سهم نسبی باورهای فراشناختی و کنترل توجه از نظر شدت قمار در قماربازان
|کد مقاله||سال انتشار||مقاله انگلیسی||ترجمه فارسی||تعداد کلمات|
|38699||2015||5 صفحه PDF||سفارش دهید||محاسبه نشده|
Publisher : Elsevier - Science Direct (الزویر - ساینس دایرکت)
Journal : Addictive Behaviors Reports, Volume 1, June 2015, Pages 7–11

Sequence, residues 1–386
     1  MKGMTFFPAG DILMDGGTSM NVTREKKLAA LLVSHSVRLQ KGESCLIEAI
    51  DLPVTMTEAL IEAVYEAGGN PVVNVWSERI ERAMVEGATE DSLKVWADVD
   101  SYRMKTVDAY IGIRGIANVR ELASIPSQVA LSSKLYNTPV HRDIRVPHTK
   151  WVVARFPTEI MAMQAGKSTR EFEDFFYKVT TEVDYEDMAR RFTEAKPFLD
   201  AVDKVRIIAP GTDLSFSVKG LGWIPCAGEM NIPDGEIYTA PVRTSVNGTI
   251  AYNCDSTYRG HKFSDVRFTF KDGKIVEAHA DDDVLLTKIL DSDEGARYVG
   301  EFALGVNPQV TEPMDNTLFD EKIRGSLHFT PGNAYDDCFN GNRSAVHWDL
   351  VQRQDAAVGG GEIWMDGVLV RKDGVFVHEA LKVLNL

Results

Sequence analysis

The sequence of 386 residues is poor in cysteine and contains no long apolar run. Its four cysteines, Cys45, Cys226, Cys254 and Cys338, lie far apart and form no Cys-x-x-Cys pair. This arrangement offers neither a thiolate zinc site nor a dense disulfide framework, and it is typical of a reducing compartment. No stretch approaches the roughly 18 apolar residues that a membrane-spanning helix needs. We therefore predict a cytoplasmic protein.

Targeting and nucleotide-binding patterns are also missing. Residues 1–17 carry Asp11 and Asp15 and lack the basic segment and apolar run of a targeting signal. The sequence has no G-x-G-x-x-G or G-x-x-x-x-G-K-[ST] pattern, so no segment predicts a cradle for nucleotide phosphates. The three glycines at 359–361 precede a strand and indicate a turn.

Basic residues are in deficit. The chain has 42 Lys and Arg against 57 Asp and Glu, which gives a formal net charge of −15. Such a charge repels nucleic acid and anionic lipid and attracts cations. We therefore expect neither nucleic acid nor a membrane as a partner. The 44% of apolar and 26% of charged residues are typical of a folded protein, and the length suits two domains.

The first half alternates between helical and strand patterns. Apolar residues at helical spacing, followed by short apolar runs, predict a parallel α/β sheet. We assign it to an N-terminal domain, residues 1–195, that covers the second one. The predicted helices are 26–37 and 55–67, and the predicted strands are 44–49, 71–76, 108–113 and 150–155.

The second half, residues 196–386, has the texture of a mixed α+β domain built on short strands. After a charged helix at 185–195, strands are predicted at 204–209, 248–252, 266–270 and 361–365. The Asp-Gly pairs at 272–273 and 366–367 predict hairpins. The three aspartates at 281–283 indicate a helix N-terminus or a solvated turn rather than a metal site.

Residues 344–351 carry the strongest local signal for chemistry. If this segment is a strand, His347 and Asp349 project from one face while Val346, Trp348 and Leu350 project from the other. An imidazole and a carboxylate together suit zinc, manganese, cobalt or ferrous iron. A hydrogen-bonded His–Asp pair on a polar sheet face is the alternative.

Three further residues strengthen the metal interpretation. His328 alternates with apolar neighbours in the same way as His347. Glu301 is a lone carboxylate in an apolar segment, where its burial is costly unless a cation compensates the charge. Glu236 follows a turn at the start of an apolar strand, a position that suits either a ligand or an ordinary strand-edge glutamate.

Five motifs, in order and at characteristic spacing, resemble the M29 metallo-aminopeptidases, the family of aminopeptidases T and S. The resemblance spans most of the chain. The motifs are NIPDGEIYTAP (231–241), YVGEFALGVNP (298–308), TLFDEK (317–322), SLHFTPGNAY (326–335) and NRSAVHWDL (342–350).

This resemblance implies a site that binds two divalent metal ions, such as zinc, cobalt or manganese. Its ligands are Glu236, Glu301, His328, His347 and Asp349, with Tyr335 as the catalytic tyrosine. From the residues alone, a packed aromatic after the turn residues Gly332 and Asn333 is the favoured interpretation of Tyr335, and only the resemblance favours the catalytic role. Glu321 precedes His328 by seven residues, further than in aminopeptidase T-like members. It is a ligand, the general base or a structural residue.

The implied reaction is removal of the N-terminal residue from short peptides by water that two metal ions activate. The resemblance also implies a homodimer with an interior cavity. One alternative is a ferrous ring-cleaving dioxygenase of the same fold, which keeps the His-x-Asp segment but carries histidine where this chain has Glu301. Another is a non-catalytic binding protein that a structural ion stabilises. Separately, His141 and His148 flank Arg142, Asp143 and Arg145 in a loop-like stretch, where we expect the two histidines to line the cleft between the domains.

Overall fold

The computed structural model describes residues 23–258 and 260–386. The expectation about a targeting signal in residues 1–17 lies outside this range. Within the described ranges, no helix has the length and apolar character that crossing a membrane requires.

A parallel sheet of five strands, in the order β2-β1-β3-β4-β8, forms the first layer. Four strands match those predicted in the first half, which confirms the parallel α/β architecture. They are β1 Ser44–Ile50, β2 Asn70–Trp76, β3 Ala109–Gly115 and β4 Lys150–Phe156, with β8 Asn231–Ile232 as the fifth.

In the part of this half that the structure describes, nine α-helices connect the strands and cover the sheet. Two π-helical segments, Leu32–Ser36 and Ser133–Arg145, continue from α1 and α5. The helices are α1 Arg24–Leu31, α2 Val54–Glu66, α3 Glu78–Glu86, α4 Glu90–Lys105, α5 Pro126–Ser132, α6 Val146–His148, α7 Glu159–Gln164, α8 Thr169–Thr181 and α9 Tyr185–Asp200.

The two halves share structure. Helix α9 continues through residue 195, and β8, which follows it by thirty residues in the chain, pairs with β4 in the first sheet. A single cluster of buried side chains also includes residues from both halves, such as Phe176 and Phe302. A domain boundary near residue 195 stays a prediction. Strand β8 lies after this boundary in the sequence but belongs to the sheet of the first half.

Abstract The present study explored the relationship between metacognitions, attentional control, and the severity of gambling in problem gamblers. One hundred and twenty six problem gamblers completed the Depression Anxiety Stress Scales 21, the Meta-Cognitions Questionnaire 30, the Attentional Control Scale, and the Problem Gambling Severity Index. Results revealed that negative affect, four out of five metacognitions factors (positive beliefs about worry, negative beliefs about thoughts concerning danger and uncontrollability, cognitive confidence and beliefs about the need to control thoughts), and all attentional control factors (focusing, shifting and flexible control of thought) were correlated, in the predicted directions, with the severity of gambling. The same metacognitions were also found to be correlated, in the predicted directions, with attention focusing, however only negative beliefs about thoughts concerning danger and uncontrollability and cognitive confidence were found to be correlated with attention shifting and flexible control of thought. A hierarchical regression analysis showed that beliefs about the need to control thoughts were the only predictor of the severity of gambling controlling for negative affect. Overall these findings support the hypotheses and are consistent with the metacognitive model of psychological dysfunction. The implications of these findings are discussed